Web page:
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dc.contributor.authorTilles-Tirkkonen, T
dc.contributor.authorNuutinen, O
dc.contributor.authorSinikallio, S
dc.contributor.authorPoutanen, K
dc.contributor.authorKarhunen, L
dc.date.accessioned2018-09-04T12:35:38Z
dc.date.available2018-09-04T12:35:38Z
dc.date.issued2018
dc.identifier.urihttps://erepo.uef.fi/handle/123456789/6901
dc.description.abstractBackground The eating patterns of school‐aged children rarely meet recommendations: meal frequency is irregular and the consumption of vegetables is lower and sugar‐sweetened products higher than recommended. Although school is an excellent arena for nutrition education to support pupils eating patterns, teachers usually lack efficient tools. The present study aimed to develop a curriculum for nutrition education to be used by teachers and to examine its efficacy in the school environment with respect to the eating patterns of pupils. Methods The curriculum was developed in collaboration with school teachers using self‐determination theory as a theoretical standpoint. The Health at Every Size concept and sensory‐based food education were utilised in the curriculum. Self‐reported questionnaires were used to assess the feasibility and impact of the curriculum. Fourteen teachers implemented the curriculum during 2012–2013 with 194 pupils aged 10–13 years (fifth and sixth grades). The control schools included 140 pupils of the same age not following the curriculum. Results The teachers reported that the curriculum was easy to integrate in the school environment. The fifth graders improved their breakfast frequency, increased their consumption of vegetables and reduced their consumption of ice cream, sweets and sugar‐sweetened drinks. No improvement was found in the fifth graders at the control schools. In the sixth graders, no dietary changes were detected in the intervention or control schools. Conclusions The pupils in the fifth grade appeared to comprise a responsive target group for nutrition education at schools. The curriculum offers a promising approach for developing healthy eating patterns among fifth graders. Collaboration with teachers in developing the curriculum likely enhanced its feasibility and teacher commitment for implementation.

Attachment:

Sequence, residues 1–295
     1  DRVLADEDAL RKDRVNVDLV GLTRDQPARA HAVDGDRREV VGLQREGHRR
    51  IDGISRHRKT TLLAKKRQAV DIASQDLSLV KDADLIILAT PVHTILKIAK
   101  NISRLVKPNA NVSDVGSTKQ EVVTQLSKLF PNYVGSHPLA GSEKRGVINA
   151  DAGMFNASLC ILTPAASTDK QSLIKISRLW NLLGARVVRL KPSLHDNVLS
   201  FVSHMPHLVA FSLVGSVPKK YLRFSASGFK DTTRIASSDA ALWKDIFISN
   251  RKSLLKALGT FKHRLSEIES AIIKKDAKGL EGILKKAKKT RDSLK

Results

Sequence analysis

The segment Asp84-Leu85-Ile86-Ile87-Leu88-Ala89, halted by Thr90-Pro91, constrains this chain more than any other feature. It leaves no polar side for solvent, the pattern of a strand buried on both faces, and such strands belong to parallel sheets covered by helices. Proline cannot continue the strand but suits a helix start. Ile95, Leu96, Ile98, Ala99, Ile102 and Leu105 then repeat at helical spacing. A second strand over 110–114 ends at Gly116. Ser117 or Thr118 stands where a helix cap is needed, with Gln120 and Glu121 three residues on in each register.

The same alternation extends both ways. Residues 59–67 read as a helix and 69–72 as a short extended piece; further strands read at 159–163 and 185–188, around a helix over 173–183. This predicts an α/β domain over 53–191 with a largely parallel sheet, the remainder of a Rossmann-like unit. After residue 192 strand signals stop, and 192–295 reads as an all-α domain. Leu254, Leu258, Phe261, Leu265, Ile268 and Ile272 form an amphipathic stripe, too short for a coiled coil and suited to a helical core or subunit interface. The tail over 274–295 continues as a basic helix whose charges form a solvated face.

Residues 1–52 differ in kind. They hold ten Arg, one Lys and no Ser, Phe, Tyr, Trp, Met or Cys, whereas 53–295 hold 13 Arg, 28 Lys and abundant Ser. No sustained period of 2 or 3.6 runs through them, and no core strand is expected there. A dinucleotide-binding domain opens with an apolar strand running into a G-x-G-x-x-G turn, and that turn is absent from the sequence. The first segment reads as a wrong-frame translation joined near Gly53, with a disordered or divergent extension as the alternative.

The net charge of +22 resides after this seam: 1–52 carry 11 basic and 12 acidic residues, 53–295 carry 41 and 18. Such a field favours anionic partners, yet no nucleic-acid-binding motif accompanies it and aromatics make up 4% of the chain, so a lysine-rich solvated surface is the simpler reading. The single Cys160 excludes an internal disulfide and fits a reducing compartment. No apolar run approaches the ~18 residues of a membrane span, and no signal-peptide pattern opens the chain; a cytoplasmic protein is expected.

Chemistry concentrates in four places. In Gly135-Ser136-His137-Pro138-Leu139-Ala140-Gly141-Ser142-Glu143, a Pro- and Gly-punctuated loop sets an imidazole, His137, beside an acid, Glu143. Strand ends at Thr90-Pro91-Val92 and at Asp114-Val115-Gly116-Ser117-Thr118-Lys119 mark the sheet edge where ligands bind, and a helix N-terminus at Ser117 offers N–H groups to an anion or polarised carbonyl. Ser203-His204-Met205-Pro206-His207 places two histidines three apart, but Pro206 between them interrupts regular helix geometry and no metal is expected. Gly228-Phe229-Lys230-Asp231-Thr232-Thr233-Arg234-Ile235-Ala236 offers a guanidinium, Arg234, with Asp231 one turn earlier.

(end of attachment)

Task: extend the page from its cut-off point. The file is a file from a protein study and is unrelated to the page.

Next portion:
dc.language.isoenglanti
dc.publisherWiley
dc.relation.ispartofseriesJOURNAL OF HUMAN NUTRITION AND DIETICS
dc.relation.urihttp://dx.doi.org/10.1111/jhn.12568
dc.rightsAll rights reserved
dc.titleTheory-informed nutrition education curriculum Tools For Feeling Good promotes healthy eating patterns among fifth grade pupils: cross-sectional study
dc.description.versionfinal draft
dc.contributor.departmentSchool of Medicine / Clinical Nutrition
dc.contributor.departmentSchool of Educational Sciences and Psychology / Psychology
uef.solecris.id55036945en
dc.type.publicationTieteelliset aikakauslehtiartikkelit
dc.rights.accessrights© The British Dietetic Association Ltd
dc.relation.doi10.1111/jhn.12568
dc.description.reviewstatuspeerReviewed
dc.relation.issn0952-3871
dc.relation.volume[First published 10 June 2018]
dc.rights.accesslevelopenAccess
dc.type.okmA1
uef.solecris.openaccessEi


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